Characteristics of H-1B visa holders in the U.S., 164

Characteristics of the Category 1 IT workforce, 51-54, 61-65, 66-68, 79-84

Characteristics of the Category 2 IT workforce, 85-90

rapidly growing occupational groups, 85

Characteristics of the IT workforce, 60-90

educational background, 79-82

in the hardware subsector within information technology, 84-87

size of, 60-61

Characterizing the workforce problem, 92-132

context, 92

inference of a worker shortage, 97-108

perspective on the federal government and workforce issues in IT, 113-119

projections for the future, 119-131

reports of difficulty in hiring, 92-97

segmentation of demand for IT workers, 110-112

view of the IT labor market, 109

Chief Information Officers (CIO) Council, 18, 116-118, 310-311

Clearing of the IT labor markets, factors impeding, 108

COBOL programmers, 94, 142

COCOMO model, for productivity, 59

Cognitive theory, 57, 270

Collaboration, remote, 184

Commission on the Advancement of Women and Minorities in Science, Engineering, and Technology Development, recommendations from the report of, 216-218

Communications networks, 26-27, 53

jobs opening in, 110, 120

Community college level

formal education at, 11, 245-251

programs in biotechnology, 326

Compensation issues.

See also Salaries;

Wages

in the Category 1 IT workforce, 68-79

in inferring a worker shortage, 102-107

ranking of by workers, 4

Competition

for foreign workers, 178-179

in the IT sector, 29

with the private sector for the federal government IT workforce, 113-114

Computer Industry Salary Survey, 72

Computer programmers

annual increases in mean income for, 76

number of hours worked per week, 190

Computer Science Accreditation Board (CSAB), 232

Computer science education, 10-11, 220-253;

see also Formal IT education

baccalaureate level, 229-233

community college level, 247-249

Computer systems analysts and scientists

annual increases in mean income for, 76

number of hours worked per week, 190

percent who worked more than 40 hours per week by size of firm, 192

Computer Technology Industry Association (CompTIA), 251

Contract teaching faculty.

See also Project-based employment

making greater use of, 236, 294

Council on Competitiveness, 286n

CPS. See Current Population Survey

CSAB. See Computer Science Accreditation Board

Suggested Citation:"Index." National Research Council. 2001. Building a Workforce for the Information Economy. Washington, DC: The National Academies Press. doi: 10.17226/9830.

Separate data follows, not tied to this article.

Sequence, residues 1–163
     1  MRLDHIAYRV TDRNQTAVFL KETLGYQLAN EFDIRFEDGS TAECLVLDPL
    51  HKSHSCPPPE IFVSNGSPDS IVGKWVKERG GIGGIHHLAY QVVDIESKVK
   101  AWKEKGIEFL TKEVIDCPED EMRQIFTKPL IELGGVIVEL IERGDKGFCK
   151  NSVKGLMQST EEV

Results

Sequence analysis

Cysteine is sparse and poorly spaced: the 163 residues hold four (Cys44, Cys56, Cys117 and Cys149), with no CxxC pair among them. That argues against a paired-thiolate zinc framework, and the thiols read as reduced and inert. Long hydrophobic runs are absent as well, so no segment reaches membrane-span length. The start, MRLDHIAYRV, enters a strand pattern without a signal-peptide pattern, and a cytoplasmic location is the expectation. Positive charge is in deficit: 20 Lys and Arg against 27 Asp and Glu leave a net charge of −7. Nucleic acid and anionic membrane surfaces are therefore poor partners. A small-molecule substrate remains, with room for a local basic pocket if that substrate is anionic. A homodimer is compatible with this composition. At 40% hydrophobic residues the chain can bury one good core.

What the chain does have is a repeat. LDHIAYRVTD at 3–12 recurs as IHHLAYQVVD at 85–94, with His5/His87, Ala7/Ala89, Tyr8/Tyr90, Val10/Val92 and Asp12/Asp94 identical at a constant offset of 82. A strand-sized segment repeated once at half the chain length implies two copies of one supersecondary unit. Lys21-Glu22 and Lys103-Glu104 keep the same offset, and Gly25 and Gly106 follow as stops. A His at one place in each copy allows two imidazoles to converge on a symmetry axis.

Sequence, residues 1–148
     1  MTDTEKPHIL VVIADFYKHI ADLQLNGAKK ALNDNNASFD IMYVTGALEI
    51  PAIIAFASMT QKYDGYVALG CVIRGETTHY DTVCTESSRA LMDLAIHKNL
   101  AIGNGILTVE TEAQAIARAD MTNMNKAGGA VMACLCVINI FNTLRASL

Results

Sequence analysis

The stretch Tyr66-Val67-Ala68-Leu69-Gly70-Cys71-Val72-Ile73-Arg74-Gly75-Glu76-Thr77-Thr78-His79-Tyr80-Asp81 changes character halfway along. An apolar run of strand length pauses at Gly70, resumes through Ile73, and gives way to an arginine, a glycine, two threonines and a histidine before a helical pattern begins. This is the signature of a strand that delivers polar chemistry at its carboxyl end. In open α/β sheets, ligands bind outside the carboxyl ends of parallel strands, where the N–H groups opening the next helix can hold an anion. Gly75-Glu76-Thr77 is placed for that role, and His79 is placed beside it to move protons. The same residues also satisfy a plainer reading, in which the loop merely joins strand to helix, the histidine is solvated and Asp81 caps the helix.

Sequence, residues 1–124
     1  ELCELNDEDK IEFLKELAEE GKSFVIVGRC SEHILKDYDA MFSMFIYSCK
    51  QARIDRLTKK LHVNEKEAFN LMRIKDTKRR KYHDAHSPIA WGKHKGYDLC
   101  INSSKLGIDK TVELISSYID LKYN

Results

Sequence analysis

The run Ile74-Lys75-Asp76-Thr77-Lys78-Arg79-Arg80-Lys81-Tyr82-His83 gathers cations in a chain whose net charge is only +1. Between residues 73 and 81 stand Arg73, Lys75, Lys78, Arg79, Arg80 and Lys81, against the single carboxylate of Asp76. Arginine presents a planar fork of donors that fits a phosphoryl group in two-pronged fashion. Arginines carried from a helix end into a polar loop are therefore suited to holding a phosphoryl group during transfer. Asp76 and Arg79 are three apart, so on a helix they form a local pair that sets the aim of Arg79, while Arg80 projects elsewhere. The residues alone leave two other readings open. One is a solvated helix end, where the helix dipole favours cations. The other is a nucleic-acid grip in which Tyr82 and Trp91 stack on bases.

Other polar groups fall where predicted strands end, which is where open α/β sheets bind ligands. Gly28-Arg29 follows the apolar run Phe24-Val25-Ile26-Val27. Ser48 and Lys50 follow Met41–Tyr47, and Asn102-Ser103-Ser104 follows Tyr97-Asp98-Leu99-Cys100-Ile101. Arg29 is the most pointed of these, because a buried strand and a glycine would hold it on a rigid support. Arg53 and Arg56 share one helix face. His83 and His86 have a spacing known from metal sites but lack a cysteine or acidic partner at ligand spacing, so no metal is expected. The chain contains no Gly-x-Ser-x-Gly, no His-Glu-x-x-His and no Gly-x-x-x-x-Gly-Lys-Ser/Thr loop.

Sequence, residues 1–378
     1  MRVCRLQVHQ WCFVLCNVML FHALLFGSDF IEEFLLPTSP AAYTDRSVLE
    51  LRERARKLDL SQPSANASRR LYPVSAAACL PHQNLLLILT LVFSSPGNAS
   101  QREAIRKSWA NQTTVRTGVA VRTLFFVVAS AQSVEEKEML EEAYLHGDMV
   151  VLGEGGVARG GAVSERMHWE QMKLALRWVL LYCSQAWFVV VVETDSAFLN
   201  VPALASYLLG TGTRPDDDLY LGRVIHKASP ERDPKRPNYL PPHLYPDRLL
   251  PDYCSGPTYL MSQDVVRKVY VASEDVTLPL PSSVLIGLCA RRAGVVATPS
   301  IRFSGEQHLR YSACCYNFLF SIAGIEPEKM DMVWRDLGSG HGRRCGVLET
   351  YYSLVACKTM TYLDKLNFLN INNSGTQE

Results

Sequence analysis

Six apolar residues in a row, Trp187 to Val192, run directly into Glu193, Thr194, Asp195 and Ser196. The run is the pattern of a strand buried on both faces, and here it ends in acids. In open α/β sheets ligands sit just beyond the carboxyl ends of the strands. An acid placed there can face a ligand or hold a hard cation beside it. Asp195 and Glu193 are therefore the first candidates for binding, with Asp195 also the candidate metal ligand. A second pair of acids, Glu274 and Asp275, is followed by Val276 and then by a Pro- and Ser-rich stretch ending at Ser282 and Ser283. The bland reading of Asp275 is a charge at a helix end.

×

Current Population Survey (CPS), 6, 40, 61-66, 70, 74, 79, 85, 103, 189, 191, 332-333, 335-337

estimate of employment and unemployment in computer and computer-related occupations, 300, 336, 338, 341, 343

Cyber security needs, 118

D

Data mining, 320

Data on displaced workers, 145, 146

Data on IT employment

from the Bureau of Labor Statistics, 140-146

collecting better, 17, 300-301

from the Equal Employment Opportunity Commission, 139-140

need for better, xvi, 7, 278-279

DataMasters, 72-74

Degrees

granted in computer science and computer engineering, 81

held by U.S.-born workers, 67n

professionals with advanced, among permanent residents in foreign worker programs, 158

Demographics of the Category 1 IT workforce, 66-68

Department of Commerce, 29, 35, 68, 311, 336, 341

Department of Defense (DOD), 113-114, 116-117, 308-309

Department of Energy (DOE), 117

Department of Labor (DOL), 158-159, 165, 170-171, 173-174, 208, 267, 300, 305-306

Department of the Treasury, 113-114, 118

Dictionary of Occupational Titles , 208

“Digital convergence,” 27

“Digital divide,” 215

Digital technologies, 23

Disequilibrium See Market disequilibrium models.

Disincentives, for employer-provided formal training, 255-257

Displaced workers, 145-146

Displacement rates, 142n

Distance learning, 253-254

E

E-commerce, 36-37, 94

Educational background, 10-11, 297-298.

See also Computer science education;

Formal IT education;

IT education

of the Category 1 IT workforce, 79-82

of the Category 2 IT workforce, 85-86

of U.S. K-12 students, 222-223

Educational institutions.

See also Black colleges and universities;

Computer science education;

Degrees;

Formal IT education;

Training IT workers

alignment of educational programs in IT with employer needs, 16, 292-294

faculty recruitment pools, 294-295

formal IT education for students who concentrate in non-IT-related disciplines, 16, 295-296

funding formulas for state-supported, 301

IT fluency in K-12 and in colleges, 292

secondary mathematics education, 291-292

training capacity of, 108

EEOC. See Equal Employment Opportunity Commission

Efficient use of IT workers, improving, 188-201

improved recruitment and retention, 194-199

increased use of overtime, 189-194

making clearer distinctions between essential and optional attributes , 199-201

Electrical and electronic technicians, numbers growing, 85

Empirical evidence on the labor market experiences of older and younger IT workers, 139-147

AARP audit study, 146-147

data from the Equal Employment Opportunity Commission, 139-140

labor market survey data from the Bureau of Labor Statistics, 140-146

Employees See Displaced workers;.

Female workers;

Foreign workers;

IT workers;

IT workforce;

Male workers;

Older workers;

Skilled workers;

Younger workers

Suggested Citation:"Index." National Research Council. 2001. Building a Workforce for the Information Economy. Washington, DC: The National Academies Press. doi: 10.17226/9830.
×

Employer needs, better aligning educational programs in IT with, 292-294

Employer-provided formal training, disincentives for, 255-257